A revolutionary technology could make ultralight -- and utrathin -- laptops and TVs a reality
this is an age when a good figure almost always helps: the thinner it is, the better it is supposed to be. We are talking, of course, about television ( tv ) screens and miscellaneous visual display systems. These have been getting thinner and thinner over the past decade. Recently, a multinational consumer electronics giant unveiled its new 'flatscreen' tv . Of course, it is a different matter that you have to have a fat wallet to take these thin beauties home.
To make things thinner still, scientists working for the Japanese electronics giant Sharp are thinking of using something called continuous grain silicon ( cgs ) screens to make computers and tv s out of a single sheet of glass. Unbelievable? Not really. cgs screens act like huge microchips and can carry processing circuitry as well as that required for display.
Sharp recently demonstrated a prototype that uses three small liquid crystal displays ( lcd s) based on the new technology to create a back-projected tv image.
Flat panel displays, such as the screens usually seen in laptop computers, work on a thin film transistor ( tft ) principle: a layer of amorphous silicon is deposited on the glass and then etched to create an array of transistors that switch current through tiny cells of liquid-crystal materials to vary their optical properties.
However, silicon does not have a crystalline structure, the transistors cannot switch current quickly. And when such screens try to show a fast-moving object, the image 'smears' the screen ( Electronics , Vol 178, No 350).
The company's scientists found that this problem could be solved if the screen is made from a thin slice of silicon formed from a single crystal. This solution, however, is not very feasible economically, as it is not only very expensive but is impossible unless the screens are not more than a few centimetres wide.
cgs displays overcome the problem, but differently. To make them, a glass substrate is cleaned and polished to remove all blemishes larger than 0.1 micrometres (m). It is then coated with a layer of silicon 0.4 m in thickness. This is done by exposing the glass sheet to hot silicon vapour. The flow of the material is monitored carefully ensuring that the silicon grains take up a regular pattern, with their borders neatly aligned. This encourages a smooth flow of electrons through the surface, just like it happens in a single crystal.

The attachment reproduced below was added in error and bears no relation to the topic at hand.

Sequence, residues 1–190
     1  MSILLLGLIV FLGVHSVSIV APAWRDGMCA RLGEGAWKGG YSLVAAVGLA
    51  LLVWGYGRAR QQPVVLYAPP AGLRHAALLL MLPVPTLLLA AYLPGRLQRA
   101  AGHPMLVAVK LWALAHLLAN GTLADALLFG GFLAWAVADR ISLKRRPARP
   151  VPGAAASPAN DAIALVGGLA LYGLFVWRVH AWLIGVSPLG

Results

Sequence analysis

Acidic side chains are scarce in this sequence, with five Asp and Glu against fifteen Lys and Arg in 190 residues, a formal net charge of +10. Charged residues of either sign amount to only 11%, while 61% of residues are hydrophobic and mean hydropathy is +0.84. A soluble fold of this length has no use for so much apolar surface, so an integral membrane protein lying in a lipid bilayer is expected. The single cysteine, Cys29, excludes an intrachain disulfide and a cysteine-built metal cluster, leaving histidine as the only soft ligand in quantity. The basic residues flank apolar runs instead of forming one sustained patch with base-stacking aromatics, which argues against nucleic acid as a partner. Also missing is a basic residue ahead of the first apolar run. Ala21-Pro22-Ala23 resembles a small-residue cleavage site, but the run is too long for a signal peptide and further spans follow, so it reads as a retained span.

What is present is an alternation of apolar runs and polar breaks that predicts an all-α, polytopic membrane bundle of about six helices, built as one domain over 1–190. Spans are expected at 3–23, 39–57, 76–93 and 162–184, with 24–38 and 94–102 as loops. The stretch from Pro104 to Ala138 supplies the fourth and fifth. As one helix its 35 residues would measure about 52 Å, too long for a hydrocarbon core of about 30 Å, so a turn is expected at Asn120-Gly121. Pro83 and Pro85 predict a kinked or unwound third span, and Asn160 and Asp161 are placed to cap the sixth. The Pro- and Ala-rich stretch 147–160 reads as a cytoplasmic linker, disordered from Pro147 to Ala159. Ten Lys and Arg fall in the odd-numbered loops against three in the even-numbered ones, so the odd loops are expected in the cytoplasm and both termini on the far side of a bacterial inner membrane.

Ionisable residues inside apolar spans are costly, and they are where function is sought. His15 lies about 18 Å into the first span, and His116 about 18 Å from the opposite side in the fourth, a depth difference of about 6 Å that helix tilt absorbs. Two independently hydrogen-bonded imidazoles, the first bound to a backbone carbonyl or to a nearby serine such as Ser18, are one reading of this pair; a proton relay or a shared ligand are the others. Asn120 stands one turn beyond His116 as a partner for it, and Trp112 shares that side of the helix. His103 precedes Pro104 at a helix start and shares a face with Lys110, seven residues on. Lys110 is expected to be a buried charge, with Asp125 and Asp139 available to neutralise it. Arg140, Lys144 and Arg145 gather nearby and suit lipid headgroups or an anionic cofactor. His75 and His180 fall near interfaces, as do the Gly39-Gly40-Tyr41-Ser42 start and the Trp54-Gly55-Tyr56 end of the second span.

The silicon layer is then processed to create a mosaic of transistors that acts like a microchip made out of a single crystal of silicon. Displays with cgs technology are about 600 times faster than the conventional amorphous silicon tft s.
After working secretly for three years with Japan-based Semiconductor Energy Laboratory, Sharp recently showed the astonishing results. A high-definition rear-projection tv that uses three 6.5-cm cgs panels , each one lit by a different coloured beam to create extremely clear, bright colour images, with no trace of smear on moving images. Displaying 1,280 by 1,024 pixels, the resolution of Sharp's tv is almost twice that of regular tv s.
"Theoretically, the size of the cgs panels can be unlimited as we are using coated glass, not a silicon wafer," says Masaya Hijikigawa of Sharp's lcd Development Group. "Other circuit components, even a computer processor, can be formed on the same silicon layer. Our three-year target is to make a single-card tv or a personal computer ( pc )."
Hijikigawa says the next step is to make the panel reflective by exploiting a high reflectance aluminium system now being used in the screen which Sharp produces for the latest range of digital cameras and hand-held computers.
This, says Hijikigawa, would bring down the cost of cgs systems by as much as 80 per cent by allowing natural light to create a colour image, instead of back light.
Eventually Hijikigawa and his team plan to integrate a solar panel with the display, so that the single-card tv or pc could operate without a battery.
We are a voice to you; you have been a support to us. Together we build journalism that is independent, credible and fearless. You can further help us by making a donation. This will mean a lot for our ability to bring you news, perspectives and analysis from the ground so that we can make change together.
Comments are moderated and will be published only after the site moderator’s approval. Please use a genuine email ID and provide your name. Selected comments may also be used in the ‘Letters’ section of the Down To Earth print edition.